Latest Zoological Society of London Stories
The world's largest tropical desert, the Sahara, has suffered a catastrophic collapse of its wildlife populations, according to a new study
Study after study seems to bring bad news for conservationists, but a new analysis of European wildlife shows conservation efforts are having a positive effect.
A camera trap set out for endangered Siberian (Amur) tigers in the Russian Far East photographed something far more rare: a golden eagle capturing a young sika deer.
Like all biological functions, the immune system places demands on an organism and a new study in the journal PLoS ONE has found the highly active immune systems of some endangered Galapagos sea lions are stressing the animals to the point of starvation.
Apparently humans aren’t the only ones who enjoy a brain teaser every now and again, as newly published research has revealed solving puzzles also seems to be a source of gratification for chimpanzees.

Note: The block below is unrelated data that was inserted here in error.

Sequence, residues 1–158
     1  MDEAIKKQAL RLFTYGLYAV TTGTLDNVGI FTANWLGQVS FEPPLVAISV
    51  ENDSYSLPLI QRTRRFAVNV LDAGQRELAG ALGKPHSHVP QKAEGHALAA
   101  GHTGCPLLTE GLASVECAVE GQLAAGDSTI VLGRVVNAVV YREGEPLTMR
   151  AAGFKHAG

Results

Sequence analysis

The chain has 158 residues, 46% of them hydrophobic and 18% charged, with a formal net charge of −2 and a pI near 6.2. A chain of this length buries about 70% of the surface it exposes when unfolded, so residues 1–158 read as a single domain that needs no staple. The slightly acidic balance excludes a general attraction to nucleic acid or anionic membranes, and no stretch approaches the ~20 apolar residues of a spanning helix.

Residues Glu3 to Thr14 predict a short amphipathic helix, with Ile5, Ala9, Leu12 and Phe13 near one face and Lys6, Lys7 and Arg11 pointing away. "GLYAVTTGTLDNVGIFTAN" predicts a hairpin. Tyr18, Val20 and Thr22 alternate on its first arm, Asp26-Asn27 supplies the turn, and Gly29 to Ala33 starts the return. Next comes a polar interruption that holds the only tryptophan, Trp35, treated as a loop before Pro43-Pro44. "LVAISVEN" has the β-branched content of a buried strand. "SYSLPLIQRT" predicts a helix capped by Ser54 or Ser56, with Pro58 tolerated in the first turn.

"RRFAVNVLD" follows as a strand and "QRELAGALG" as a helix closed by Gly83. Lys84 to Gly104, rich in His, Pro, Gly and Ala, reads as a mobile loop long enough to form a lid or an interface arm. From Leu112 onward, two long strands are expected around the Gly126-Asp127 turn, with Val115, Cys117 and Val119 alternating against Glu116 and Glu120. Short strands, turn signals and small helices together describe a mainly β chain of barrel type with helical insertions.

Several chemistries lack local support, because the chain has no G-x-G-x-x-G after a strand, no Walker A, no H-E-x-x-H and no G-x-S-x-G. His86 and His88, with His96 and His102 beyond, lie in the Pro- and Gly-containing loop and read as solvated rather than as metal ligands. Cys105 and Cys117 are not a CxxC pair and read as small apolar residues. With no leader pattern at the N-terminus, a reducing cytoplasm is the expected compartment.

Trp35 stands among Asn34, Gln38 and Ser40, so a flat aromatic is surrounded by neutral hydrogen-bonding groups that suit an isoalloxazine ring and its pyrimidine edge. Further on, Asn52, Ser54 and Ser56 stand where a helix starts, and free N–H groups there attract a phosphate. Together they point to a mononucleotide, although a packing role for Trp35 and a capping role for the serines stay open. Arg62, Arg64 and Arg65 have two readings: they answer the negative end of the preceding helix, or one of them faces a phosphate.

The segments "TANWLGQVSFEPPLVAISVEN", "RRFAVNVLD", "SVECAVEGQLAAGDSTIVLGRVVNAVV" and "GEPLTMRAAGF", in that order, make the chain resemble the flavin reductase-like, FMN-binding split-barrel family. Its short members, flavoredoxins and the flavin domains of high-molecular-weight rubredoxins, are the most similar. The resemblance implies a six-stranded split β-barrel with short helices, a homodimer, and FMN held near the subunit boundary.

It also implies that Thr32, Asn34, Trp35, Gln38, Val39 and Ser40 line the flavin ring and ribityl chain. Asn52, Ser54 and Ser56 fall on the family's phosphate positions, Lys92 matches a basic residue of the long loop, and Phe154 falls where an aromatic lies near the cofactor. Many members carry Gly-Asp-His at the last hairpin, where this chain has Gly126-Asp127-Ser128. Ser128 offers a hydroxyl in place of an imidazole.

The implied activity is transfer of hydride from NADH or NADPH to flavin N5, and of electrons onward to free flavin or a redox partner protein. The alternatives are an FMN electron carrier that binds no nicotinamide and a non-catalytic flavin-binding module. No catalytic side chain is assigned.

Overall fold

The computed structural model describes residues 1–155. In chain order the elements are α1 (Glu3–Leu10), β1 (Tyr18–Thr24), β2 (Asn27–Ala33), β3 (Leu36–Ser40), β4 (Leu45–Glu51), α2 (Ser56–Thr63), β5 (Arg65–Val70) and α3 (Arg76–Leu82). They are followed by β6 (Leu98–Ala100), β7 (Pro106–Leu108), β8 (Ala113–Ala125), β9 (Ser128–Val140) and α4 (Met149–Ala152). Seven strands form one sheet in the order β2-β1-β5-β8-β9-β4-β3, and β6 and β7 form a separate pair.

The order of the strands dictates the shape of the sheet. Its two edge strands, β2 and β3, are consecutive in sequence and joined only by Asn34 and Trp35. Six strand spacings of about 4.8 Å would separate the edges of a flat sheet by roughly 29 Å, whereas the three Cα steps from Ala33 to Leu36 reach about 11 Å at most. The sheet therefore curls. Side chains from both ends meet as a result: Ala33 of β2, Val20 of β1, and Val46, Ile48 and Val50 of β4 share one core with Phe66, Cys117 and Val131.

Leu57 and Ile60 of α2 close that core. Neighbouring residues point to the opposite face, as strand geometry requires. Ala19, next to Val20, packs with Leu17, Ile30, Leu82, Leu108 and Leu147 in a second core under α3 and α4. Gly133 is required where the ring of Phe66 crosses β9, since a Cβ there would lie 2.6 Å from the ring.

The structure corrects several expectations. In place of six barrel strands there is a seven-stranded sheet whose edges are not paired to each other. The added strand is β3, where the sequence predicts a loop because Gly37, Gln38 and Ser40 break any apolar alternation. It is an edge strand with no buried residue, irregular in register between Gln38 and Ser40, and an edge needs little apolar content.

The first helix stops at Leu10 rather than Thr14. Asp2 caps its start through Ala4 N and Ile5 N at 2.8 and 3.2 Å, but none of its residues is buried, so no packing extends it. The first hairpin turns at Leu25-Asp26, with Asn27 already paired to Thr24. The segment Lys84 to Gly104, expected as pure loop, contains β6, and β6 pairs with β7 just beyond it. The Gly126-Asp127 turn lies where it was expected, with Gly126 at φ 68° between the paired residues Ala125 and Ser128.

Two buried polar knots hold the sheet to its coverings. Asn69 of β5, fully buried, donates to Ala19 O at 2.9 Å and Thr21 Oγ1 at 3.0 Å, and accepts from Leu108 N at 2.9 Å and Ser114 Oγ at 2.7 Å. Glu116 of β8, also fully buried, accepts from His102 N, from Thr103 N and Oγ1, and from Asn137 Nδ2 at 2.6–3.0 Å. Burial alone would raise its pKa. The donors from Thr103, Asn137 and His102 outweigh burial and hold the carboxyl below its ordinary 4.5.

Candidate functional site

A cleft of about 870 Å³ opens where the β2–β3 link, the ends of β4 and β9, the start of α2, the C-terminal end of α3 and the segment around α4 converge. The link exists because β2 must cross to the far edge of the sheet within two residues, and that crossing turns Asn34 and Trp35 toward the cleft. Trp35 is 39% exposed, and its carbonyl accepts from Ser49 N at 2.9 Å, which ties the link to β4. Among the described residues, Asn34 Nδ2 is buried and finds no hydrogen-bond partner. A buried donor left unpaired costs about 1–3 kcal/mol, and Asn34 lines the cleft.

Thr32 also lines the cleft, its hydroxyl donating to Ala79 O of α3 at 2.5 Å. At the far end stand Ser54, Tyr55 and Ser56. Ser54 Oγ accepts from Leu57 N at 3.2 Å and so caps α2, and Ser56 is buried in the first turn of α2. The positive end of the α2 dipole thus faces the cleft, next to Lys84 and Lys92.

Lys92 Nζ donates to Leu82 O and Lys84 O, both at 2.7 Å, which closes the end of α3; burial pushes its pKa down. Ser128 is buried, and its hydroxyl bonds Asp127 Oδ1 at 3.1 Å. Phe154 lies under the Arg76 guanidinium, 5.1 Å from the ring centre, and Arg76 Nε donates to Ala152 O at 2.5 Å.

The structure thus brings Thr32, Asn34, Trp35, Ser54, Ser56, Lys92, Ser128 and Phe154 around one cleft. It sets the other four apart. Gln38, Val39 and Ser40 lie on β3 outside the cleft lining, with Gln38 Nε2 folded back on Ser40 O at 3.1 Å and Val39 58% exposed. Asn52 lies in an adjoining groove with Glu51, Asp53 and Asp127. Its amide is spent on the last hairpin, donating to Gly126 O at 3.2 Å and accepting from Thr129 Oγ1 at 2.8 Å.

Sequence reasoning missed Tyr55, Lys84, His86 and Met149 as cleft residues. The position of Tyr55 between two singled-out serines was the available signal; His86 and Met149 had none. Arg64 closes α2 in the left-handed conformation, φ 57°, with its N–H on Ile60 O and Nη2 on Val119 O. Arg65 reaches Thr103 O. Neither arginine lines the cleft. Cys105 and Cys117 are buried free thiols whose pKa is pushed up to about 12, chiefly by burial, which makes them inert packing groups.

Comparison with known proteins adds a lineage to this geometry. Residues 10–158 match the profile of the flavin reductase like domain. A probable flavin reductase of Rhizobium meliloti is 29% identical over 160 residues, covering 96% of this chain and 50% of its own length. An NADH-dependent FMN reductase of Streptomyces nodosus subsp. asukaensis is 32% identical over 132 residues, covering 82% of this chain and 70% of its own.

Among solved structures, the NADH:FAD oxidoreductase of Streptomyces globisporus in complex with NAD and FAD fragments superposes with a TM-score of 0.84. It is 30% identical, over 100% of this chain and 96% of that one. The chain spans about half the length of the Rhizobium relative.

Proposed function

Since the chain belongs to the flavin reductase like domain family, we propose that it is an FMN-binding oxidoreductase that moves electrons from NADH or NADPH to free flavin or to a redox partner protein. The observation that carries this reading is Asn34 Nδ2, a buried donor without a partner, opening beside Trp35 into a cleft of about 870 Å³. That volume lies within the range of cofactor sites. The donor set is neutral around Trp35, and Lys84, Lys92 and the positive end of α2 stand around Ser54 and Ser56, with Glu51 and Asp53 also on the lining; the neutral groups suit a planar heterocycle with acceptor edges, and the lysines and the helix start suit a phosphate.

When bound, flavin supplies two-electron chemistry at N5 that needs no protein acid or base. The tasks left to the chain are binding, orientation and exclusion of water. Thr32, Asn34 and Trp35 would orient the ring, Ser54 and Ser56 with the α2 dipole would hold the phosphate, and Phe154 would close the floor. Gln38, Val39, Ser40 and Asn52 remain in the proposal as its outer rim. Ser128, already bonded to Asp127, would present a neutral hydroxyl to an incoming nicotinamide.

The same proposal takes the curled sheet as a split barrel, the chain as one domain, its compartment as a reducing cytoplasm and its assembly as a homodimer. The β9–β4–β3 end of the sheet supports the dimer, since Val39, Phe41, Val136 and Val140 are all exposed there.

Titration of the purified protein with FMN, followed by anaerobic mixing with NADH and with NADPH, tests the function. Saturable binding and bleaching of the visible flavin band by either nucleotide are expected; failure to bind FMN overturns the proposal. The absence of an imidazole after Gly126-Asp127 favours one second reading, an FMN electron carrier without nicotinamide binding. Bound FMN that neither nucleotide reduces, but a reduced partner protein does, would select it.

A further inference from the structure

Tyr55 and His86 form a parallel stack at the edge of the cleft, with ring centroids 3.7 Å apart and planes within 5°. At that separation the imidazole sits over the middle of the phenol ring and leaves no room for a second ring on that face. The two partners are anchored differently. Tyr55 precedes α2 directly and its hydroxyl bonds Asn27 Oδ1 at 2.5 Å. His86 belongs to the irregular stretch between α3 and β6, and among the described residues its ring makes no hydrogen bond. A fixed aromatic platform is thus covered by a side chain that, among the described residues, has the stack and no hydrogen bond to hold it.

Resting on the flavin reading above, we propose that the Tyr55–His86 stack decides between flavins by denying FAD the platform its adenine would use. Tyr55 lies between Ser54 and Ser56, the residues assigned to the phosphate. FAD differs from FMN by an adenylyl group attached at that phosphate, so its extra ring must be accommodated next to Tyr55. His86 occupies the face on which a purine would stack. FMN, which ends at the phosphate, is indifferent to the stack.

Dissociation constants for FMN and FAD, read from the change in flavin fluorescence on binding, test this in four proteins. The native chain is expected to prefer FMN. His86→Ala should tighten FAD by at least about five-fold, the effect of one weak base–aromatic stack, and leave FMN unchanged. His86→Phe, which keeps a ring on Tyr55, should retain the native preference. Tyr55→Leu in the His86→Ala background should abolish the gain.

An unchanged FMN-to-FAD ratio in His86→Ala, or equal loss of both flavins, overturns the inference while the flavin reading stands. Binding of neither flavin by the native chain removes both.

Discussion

A new report warns that not only are a large number of reptile species in danger of becoming extinct, there is also a severe lack of data on the conservation status of many reptiles around the world.
Published today by the Zoological Society of London (ZSL) and University of Cambridge, the study reveals that male hihi birds develop more colorful and attractive breeding feathers if they receive a nest diet rich in carotenoids – natural pigments found mainly in fruit and vegetables.
A new report by the Zoological Society of London (ZSL) states that human development and global temperature rise is threatening one of the world’s most precious forest systems.
Mammals could be at a greater risk of extinction due to predicted increases in extreme weather conditions.
- A volcanic mudflow.